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In this short video, Xu Lin, a writer, poet, songwriter, and structural engineer, describes being taken in for questioning on December 17. He says that the Guangzhou police intercepted him when he was taking his kid to school that morning, and accused him of “picking quarrels and provoking trouble...
Still detained as of December 15, 2015 1. Chen Qilin 2. Qu Hongxia (aka Hutu (Silly) or Maliya (Maria)) (from Shanxi, residing in Beijing) 3. Bao Naigang 4. Wang Su’e (Liaoning) 5. Zhang Zhan (Shijiazhuang, Hebei) 6. Hou Minling (Wenchuan, Sichuan) 7. Sheng Lanfu 8. Chen Wenchang 9. Song Wei (...
Two days after a closed-door hearing on the appeal by 71-year-old veteran journalist Gao Yu ( 高瑜 ) , the Beijing High People’s Court ruled today to reduce her sentence by two years. In a separate decision, the Beijing Municipal No. 3 Intermediate People’s Court, the court of first instance,...
Human rights lawyer Li Heping has been missing since July 10, 2015, when he was forcibly taken from his home by unidentified persons. His wife, Wang Qiaoling, filed this administrative complaint, her second, with the Beijing Dongcheng District People’s Court, stating that public security organs...
On June 5, Shi Tao, former editor of “Contemporary Business News,” issued a statement protesting the deletion of contents from his WeChat “Moments,” and condemning WeChat for having become a shameful accomplice to powerful officials. Afterwards, he registered for a NetEase account. Despite being...
See Chinese original . On June 18, 2004, I was in Xian when I heard about the poetry lecture courses that were being held by the Shanxi College of Literature, and Mr. Song Lin was invited to attend. Song Lin, who had lived in France, was my poetry mentor, and I hadn’t seen him in 14 years. I was...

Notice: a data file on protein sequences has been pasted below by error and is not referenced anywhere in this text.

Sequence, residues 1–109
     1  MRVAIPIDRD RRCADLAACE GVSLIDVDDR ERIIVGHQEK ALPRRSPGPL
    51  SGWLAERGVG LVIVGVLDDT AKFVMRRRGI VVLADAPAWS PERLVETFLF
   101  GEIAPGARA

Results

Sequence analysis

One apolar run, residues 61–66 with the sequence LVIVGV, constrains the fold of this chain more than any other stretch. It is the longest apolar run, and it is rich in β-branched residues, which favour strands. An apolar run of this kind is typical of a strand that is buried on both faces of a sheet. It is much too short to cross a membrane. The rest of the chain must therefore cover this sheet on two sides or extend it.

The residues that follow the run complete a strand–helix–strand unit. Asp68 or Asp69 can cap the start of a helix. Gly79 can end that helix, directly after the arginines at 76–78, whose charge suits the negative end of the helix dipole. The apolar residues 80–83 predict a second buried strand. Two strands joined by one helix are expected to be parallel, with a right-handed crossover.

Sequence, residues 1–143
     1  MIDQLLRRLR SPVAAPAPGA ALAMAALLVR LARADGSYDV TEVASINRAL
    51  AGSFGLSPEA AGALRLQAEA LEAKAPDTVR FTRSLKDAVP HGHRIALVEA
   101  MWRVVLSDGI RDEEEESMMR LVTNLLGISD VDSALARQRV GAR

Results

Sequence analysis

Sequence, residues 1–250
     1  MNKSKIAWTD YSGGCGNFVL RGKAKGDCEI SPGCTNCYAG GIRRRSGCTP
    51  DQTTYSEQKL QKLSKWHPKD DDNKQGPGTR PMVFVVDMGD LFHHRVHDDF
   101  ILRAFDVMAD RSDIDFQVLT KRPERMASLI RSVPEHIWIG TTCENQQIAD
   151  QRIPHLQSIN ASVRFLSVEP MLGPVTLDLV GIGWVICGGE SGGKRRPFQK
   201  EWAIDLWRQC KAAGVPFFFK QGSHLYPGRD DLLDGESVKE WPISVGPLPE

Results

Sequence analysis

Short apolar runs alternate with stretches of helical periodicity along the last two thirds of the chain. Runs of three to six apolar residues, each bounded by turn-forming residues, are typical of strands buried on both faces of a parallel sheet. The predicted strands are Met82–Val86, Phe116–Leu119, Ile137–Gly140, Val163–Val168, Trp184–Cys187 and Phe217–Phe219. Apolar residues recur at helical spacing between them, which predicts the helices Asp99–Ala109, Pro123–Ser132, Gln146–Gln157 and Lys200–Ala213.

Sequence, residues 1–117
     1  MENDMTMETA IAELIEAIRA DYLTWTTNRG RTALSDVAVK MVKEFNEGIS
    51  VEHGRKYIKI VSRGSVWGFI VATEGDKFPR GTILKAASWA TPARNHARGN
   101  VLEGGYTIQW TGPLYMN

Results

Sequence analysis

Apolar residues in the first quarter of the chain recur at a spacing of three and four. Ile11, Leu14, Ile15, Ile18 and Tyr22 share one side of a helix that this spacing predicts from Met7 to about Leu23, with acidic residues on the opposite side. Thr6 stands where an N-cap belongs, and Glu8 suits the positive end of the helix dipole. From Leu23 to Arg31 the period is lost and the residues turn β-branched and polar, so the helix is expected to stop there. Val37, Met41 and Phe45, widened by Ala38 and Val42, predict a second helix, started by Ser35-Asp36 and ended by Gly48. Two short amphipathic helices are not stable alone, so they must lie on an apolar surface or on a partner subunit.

In a statement of protest (see below), Shi Tao, a journalist who served eight years of a ten-year prison term, says that contents in his social networking WeChat account were deleted in recent days, in the lead up to the 26th anniversary of the June Fourth crackdown on the 1989 Democracy Movement...
China’s revised Law on Guarding State Secrets (State Secrets Law) goes into effect today. Passed on April 29, 2010, the same day that a major policy report on the Internet 1 was presented to the National People’s Congress, the revised State Secrets Law is a legal upgrade designed to place broader...
In a revision of the central pillar of China’s state secrets system – the Law on Guarding State Secrets 1 (State Secrets Law) – the Chinese government has tightened its control of the flow of information in the digital age.
[English Translation by Human Rights in China, July 2009. Translation of Articles 1-51 based on the English translation of the 1989 Law of the People’s Republic of China on Guarding State Secrets by the Supreme Court of the People’s Republic of China.] The ninth session of the Standing Committee of...

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